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On Dec. 31, 2013, I was standing in a place called The Bund in Shanghai, China.

About 30 minutes before midnight, my oldest was sitting on my shoulders and my youngest was held by my wife.

Around us thousands of people had gathered awaiting the fireworks that would bring in the New Year.

So many thoughts ran through my head, but mostly I was excited to be where I was.

I imagine that is why every year thousands of people flock to Times Square in New York City to watch the ball drop.

For a lot of people the New Year brings a lot of nostalgia.

They fondly look back on the past like an open book recalling events, times and places that have some significant meaning in their lives.

For other people, they look back on the previous year and say “good riddance.”

Those people have no desire to remember the terrible events that happened the previous year because those events have hurt them in some way.

And really, who could blame them?

However, the problem with good riddance is it isn’t growth.

At best it is just avoidance until it has to be confronted again.

The events that happen in our lives are still part of the past and make us who we are today.

To be able to move forward we need to learn how to forgive.

As Christians, we forgive because we have been forgiven.

An article I read a few weeks ago on forgiveness asked the reader to consider the following question: Is it harder to judge sin or forgive sin?

Both are a required part of being a Christian and difficult in their own right, but I’m willing to bet most of you would say forgiving sin is harder than judging.

After all, we all sin and fall short of the glory of God (Romans 3:23) yet God in his infinite mercy forgives us (Hebrews 8:12).

One thing I have observed about forgiveness is it is increasingly more difficult the more personal it becomes.

We will quickly forget about those who cut us off in traffic but forever hold a grudge against those who gossiped about us in high school.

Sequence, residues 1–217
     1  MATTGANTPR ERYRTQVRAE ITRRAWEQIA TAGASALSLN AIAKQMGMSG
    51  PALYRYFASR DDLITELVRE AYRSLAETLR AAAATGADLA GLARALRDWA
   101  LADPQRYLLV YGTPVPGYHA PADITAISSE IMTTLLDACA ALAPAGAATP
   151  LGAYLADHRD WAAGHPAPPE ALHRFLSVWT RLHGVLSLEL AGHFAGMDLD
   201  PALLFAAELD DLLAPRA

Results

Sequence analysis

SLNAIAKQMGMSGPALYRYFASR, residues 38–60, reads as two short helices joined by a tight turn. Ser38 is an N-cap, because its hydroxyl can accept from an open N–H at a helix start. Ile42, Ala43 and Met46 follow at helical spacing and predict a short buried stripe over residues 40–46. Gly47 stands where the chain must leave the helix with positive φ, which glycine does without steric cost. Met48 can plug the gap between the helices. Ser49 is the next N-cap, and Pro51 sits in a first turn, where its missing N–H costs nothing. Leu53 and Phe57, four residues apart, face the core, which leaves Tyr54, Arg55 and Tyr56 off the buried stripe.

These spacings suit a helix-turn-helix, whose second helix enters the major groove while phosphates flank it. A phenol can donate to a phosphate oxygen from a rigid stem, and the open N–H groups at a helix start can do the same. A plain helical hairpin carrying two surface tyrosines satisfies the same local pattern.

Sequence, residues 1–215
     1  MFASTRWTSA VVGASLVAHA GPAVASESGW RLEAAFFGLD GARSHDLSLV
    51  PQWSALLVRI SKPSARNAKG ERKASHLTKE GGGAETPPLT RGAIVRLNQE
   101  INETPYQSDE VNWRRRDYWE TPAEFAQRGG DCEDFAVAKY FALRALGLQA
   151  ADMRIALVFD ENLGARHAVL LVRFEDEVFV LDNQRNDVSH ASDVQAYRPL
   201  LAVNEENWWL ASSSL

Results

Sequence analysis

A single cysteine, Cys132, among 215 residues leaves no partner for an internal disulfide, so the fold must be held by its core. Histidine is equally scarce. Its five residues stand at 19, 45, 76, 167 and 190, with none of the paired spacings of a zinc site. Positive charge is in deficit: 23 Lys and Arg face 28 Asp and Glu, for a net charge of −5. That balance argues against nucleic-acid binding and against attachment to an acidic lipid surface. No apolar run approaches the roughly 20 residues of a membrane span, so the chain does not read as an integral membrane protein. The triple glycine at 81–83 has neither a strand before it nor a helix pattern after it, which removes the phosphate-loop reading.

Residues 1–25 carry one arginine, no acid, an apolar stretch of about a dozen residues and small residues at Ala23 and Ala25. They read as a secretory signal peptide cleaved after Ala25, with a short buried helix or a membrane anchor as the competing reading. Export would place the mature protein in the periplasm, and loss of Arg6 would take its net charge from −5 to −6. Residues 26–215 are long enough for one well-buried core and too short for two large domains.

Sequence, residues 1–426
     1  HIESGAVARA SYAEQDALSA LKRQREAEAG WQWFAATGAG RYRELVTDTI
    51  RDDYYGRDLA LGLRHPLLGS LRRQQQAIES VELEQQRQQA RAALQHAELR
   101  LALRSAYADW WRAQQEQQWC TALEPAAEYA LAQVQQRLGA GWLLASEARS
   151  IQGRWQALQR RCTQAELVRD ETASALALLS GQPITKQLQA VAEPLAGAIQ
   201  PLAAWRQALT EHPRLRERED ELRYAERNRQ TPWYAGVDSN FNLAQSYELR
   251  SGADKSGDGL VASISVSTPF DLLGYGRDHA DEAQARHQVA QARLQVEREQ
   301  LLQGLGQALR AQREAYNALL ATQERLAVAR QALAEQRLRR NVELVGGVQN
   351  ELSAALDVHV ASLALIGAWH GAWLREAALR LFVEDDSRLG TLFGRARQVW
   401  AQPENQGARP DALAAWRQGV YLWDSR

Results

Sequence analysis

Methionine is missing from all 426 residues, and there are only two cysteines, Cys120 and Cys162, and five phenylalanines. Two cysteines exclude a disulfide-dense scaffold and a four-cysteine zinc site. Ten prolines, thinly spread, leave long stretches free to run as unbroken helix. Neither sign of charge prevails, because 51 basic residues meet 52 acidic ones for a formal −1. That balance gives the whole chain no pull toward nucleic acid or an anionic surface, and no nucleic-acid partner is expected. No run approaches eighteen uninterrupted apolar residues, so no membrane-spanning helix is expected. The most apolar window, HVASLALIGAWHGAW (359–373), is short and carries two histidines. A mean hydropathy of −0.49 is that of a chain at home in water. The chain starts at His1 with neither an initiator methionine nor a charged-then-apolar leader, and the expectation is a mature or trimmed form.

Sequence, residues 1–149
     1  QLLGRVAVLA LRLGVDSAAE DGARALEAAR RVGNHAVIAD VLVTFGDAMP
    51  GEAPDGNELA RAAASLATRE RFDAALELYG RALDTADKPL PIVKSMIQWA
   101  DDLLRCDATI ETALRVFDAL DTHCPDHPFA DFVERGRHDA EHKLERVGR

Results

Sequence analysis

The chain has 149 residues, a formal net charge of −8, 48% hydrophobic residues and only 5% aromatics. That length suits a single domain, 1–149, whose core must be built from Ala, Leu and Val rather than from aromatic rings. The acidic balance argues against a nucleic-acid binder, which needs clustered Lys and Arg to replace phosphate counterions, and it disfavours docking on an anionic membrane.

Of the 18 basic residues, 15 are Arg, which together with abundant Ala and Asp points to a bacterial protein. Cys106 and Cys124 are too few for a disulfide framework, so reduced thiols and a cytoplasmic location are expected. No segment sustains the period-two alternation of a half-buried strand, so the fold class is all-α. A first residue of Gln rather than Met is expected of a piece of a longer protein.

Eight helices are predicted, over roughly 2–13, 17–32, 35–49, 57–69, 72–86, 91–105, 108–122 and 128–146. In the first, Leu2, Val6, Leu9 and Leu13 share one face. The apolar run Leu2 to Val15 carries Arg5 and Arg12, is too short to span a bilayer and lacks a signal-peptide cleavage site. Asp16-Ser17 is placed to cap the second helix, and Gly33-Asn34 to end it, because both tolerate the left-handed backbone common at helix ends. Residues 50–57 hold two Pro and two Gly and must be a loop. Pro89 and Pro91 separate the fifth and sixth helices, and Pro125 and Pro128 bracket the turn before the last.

With God, we can’t even claim our offenses aren’t personal.

All sin is personal to God because all sin cuts us off from God.

We deserve God’s wrath.

Fortunately, we receive grace and mercy.

Paul writes, “But God, being rich in mercy, because of the great love with which he loved us, even when we were dead in our trespasses, made us alive together with Christ—by grace you have been saved,” (Ephesians 2:4-5).

Forgive like you have been forgiven.

Make 2020 the year of forgiveness.

Embrace your past as a part of you and use it as an opportunity to grow and share in that growth.

Forgiveness isn’t about letting a person escape consequences for their actions, but allows both parties to achieve peace.

In 2019 we saw one of best moments in forgiveness when a man hugged the woman who killed his brother.

Yes, she will still go to prison, but maybe both of these people will find peace.

Finally, remember to forgive yourself.

If God can forgive us, we certainly can forgive ourselves.

I will admit this is easier said than done.

Forgiving yourself can be harder than forgiving others because we tend to judge ourselves more harshly.

Fortunately, with Christ’s help, forgiveness can be found.

Peter writes, “cast all your anxieties on him, because he cares for you,” (1 Peter 5:7).

You may still have to deal with the consequences surrounding the situation, but through resolution will you be able to “forget what lies behind and stain forward to what lies ahead,” (Philippians 3:13).

If you struggle, that is okay, we are here for you.

If you need help with forgiveness, we at the Warrensburg Church of Christ are happy to help.

Our door is open.

The Warrensburg Church of Christ is located at 722 S. Maguire St.

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